William Howard Hearst
|William Howard Hearst|
|The Hon. Sir William Hearst|
|7th Premier of Ontario|
October 2, 1914 – November 14, 1919
|Lieutenant Governor||John Strathearn Hendrie|
|Preceded by||James Whitney|
|Succeeded by||Ernest Charles Drury|
|MPP for Sault Ste. Marie|
June 8, 1908 – September 23, 1919
|Preceded by||Charles Napier Smith|
|Succeeded by||James Cunningham|
February 15, 1864|
Arran Township, Canada West
|Died||September 29, 1941
|Political party||Ontario PC Party|
|Spouse(s)||Isabella Jane Duncan|
|Religion||Methodist, United Church|
Sir William Howard Hearst was born in the township of Arran in Bruce County, Ontario. He studied law at Osgoode Hall, Toronto, and became a lawyer in 1888. Hearst practiced law in Sault Ste. Marie, where he became prominent in municipal affairs. He was an unsuccessful candidate in Algoma East in 1894. In 1902 he organized support in Northern Ontario for James P. Whitney.
In 1908 Hearst was elected member for the riding of Sault Ste. Marie. In 1911 he became Minister of Forests and Mines. On the death of James P. Whitney in 1914, Hearst became his successor and was sworn in as Premier on October 2, 1914.
Premier of Ontario
Under his administration a comprehensive measure to provide compensation to workers for injuries was put into operation. He took steps to deal with housing problems and provide loans to settlers. Municipal acts were passed. School fairs and teaching of agriculture were inaugurated. Measures were taken to increase war production. Reforestation and fire prevention services were established. And the Orpington Hospital in England was built as a gift of the people of Ontario.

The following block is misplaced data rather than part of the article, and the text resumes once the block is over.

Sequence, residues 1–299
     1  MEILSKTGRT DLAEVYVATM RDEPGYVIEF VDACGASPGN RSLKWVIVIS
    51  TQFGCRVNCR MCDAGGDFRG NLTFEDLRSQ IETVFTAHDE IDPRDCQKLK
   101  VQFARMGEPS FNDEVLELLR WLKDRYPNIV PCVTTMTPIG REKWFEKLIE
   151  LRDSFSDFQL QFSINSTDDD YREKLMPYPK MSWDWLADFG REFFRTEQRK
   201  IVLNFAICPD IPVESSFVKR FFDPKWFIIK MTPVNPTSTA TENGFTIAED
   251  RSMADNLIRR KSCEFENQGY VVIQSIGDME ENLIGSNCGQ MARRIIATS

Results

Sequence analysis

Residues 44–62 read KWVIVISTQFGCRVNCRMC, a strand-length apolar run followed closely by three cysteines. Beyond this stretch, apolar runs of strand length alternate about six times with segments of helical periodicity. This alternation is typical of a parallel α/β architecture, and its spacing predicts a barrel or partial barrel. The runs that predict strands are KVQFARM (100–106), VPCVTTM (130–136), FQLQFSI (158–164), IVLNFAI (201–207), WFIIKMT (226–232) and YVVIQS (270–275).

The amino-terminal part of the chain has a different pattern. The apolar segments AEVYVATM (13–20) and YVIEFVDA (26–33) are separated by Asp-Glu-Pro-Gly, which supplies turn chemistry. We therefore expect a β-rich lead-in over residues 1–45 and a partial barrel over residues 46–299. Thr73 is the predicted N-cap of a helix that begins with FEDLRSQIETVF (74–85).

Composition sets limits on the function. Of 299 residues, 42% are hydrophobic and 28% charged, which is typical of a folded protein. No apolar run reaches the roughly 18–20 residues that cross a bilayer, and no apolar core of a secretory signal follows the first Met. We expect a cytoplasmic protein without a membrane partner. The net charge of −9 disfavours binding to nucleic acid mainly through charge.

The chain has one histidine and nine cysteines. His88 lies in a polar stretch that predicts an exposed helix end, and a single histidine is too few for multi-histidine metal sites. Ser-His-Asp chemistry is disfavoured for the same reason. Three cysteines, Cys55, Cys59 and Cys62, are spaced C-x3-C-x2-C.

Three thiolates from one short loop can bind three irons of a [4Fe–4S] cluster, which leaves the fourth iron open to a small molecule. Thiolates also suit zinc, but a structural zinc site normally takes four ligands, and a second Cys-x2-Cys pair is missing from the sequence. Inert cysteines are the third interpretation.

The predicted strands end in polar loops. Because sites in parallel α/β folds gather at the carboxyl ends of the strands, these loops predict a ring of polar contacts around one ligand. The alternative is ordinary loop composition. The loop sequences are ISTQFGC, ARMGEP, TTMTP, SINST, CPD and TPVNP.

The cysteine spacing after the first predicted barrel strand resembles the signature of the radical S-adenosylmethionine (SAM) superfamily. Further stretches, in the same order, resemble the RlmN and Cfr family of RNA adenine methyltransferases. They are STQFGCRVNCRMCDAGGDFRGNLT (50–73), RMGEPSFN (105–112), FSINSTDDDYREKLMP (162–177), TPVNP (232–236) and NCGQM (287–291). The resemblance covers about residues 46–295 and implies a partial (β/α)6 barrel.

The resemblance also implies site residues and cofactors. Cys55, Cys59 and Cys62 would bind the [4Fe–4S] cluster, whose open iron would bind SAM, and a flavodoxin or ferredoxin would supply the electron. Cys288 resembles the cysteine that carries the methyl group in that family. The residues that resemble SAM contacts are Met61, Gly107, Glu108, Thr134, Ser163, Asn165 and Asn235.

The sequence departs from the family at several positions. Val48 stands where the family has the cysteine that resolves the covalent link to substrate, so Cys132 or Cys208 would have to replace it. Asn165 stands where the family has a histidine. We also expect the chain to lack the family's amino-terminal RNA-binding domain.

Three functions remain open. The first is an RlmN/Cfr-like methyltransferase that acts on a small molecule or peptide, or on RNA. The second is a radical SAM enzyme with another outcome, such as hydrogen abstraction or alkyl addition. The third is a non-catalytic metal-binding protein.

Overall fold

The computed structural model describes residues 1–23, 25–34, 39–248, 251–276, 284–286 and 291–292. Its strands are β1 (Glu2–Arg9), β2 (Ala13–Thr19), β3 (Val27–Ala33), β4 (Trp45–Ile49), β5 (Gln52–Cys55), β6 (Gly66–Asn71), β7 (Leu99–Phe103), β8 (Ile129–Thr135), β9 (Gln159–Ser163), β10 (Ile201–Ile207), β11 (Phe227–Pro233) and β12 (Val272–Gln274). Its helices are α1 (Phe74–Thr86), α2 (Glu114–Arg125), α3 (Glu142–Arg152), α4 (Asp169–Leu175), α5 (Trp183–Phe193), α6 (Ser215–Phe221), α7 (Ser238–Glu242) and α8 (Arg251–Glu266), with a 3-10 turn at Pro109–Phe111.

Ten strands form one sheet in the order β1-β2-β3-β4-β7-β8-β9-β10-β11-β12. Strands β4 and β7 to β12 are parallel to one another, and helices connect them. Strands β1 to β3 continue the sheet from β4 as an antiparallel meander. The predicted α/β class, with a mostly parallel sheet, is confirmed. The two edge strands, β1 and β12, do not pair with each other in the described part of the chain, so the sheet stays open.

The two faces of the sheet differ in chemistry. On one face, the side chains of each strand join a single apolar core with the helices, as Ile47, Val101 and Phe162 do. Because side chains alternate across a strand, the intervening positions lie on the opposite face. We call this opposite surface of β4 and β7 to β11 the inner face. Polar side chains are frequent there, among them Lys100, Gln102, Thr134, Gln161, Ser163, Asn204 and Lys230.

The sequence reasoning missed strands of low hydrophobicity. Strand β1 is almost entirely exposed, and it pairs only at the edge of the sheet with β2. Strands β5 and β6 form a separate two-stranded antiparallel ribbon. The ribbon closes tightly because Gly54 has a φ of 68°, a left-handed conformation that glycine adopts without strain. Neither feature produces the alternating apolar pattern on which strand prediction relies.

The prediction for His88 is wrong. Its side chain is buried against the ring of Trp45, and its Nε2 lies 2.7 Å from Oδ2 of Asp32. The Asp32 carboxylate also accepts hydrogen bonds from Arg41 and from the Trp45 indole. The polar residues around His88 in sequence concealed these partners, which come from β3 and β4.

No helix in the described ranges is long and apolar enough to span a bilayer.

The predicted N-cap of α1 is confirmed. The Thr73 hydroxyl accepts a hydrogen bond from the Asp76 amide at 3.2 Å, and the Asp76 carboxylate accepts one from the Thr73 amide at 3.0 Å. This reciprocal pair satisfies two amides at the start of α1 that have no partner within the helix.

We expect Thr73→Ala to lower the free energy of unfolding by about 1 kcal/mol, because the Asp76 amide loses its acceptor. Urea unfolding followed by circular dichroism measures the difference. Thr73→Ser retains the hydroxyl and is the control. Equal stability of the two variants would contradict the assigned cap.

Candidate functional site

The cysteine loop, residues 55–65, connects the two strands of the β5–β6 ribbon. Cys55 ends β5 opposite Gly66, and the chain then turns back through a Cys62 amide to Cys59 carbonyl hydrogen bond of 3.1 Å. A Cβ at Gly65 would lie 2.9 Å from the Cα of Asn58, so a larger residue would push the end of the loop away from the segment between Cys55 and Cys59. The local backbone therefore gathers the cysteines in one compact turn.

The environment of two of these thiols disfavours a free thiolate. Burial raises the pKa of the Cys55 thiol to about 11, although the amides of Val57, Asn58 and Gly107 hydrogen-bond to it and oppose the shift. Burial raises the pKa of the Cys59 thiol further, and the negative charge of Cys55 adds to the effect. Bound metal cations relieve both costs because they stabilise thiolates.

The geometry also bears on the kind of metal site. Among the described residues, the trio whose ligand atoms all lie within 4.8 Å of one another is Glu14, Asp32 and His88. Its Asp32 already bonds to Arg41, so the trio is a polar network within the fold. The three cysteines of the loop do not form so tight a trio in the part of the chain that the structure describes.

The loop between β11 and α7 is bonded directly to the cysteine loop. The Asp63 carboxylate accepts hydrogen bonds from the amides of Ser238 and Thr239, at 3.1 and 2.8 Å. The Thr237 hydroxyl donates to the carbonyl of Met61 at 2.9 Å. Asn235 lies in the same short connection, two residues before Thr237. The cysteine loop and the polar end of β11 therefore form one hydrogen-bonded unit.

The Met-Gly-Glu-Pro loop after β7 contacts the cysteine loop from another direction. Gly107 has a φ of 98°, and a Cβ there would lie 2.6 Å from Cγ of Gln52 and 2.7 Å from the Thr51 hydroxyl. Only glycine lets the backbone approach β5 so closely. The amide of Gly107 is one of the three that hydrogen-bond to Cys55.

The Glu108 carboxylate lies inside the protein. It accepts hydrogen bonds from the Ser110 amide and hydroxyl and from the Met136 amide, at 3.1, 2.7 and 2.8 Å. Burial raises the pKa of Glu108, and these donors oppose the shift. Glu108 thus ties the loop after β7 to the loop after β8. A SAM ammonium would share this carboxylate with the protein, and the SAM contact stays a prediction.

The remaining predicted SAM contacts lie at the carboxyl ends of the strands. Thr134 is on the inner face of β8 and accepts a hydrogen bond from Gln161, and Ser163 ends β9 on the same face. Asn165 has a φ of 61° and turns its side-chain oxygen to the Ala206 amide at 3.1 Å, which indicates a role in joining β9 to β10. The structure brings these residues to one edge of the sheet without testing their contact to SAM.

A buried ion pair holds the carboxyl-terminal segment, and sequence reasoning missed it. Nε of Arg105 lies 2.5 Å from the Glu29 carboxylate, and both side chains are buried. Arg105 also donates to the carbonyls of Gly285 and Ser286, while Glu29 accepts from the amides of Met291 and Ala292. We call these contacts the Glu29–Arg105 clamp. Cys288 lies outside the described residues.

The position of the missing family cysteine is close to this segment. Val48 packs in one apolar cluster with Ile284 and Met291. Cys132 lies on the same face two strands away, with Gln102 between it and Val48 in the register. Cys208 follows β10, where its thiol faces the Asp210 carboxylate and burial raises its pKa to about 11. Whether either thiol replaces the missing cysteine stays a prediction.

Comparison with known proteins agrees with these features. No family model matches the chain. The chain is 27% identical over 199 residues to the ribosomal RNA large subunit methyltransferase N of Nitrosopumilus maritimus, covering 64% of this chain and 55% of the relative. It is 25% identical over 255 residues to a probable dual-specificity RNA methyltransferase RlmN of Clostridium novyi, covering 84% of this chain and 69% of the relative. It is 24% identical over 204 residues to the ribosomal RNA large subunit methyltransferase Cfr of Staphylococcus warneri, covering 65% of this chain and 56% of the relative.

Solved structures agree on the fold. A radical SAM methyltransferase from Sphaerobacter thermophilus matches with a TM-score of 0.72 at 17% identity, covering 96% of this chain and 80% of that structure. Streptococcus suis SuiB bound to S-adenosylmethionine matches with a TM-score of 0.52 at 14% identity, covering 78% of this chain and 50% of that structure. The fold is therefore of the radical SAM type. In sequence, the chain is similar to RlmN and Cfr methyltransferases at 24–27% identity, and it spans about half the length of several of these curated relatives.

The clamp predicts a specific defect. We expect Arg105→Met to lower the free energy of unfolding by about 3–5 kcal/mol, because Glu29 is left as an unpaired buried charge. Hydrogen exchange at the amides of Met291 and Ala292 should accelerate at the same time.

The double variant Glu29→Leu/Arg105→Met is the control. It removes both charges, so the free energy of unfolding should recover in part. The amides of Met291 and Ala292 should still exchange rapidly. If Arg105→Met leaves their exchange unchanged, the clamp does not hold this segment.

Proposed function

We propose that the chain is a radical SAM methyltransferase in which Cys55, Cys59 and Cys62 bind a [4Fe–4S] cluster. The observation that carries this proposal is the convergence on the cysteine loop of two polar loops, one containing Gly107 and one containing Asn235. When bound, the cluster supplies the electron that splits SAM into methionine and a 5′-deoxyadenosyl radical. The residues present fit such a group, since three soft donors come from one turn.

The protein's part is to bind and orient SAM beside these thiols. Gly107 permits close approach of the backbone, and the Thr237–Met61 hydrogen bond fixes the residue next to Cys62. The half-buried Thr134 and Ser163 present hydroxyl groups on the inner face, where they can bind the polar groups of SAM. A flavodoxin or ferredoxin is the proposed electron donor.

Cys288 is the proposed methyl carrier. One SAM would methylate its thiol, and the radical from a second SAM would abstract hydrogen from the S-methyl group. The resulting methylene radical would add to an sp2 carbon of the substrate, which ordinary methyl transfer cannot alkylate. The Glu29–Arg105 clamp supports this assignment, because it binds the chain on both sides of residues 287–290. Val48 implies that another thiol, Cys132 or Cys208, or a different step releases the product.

In 1916, the Ontario Temperance Act (OTA) was introduced as a temporary wartime measure by Hearst, a temperance advocate and pillar of the Methodist church. It made possession of liquor and beer outside one's home illegal. Although one could retain a 'cellar supply' for personal consumption, it was illegal to sell a drink. As a result, the government closed bars, taverns, clubs and liquor stores.
His government passed legislation to permit women to vote in provincial elections, and held a plebiscite on prohibition. The plebiscite was held the same day as the 1919 general election. While prohibition was approved by the voters, the Hearst government was unexpectedly defeated by the United Farmers of Ontario party in their first election. He resumed his law practice in Toronto after his term as premier.
Hearst served as a member of the International Joint Commission formed to settle international boundary waters disputes between the United States and Canada.
A street in Sault Ste. Marie has been named after him.
- Middletown, Jesse Edgar (1923). The Municipality of Toronto - A History III. Toronto: Dominion Publishing. p. 67. OCLC 9709767.
- Oliver, Peter. "Sir William Hearst and the collapse of the Ontario Conservative Party". Public and Private Persons: The Ontario Political Culture, 1914-1934. Toronto: Clarke Irwin. pp. 16–43. OCLC 2525531.
- Dubro, James; Rowland, Robin F. (1987). King of the Mob: Rocco Perri and the women who ran his rackets. Toronto: Penguin Books. ISBN 0-14-009823-2.
- Rocco Perri Scrapbook (Hamilton Herald Newspaper articles) 12 April 1927, 14, 16, 18 August 1930
|Non-profit organization positions|
|President of the Empire Club of Canada
Elias H. Wilkinson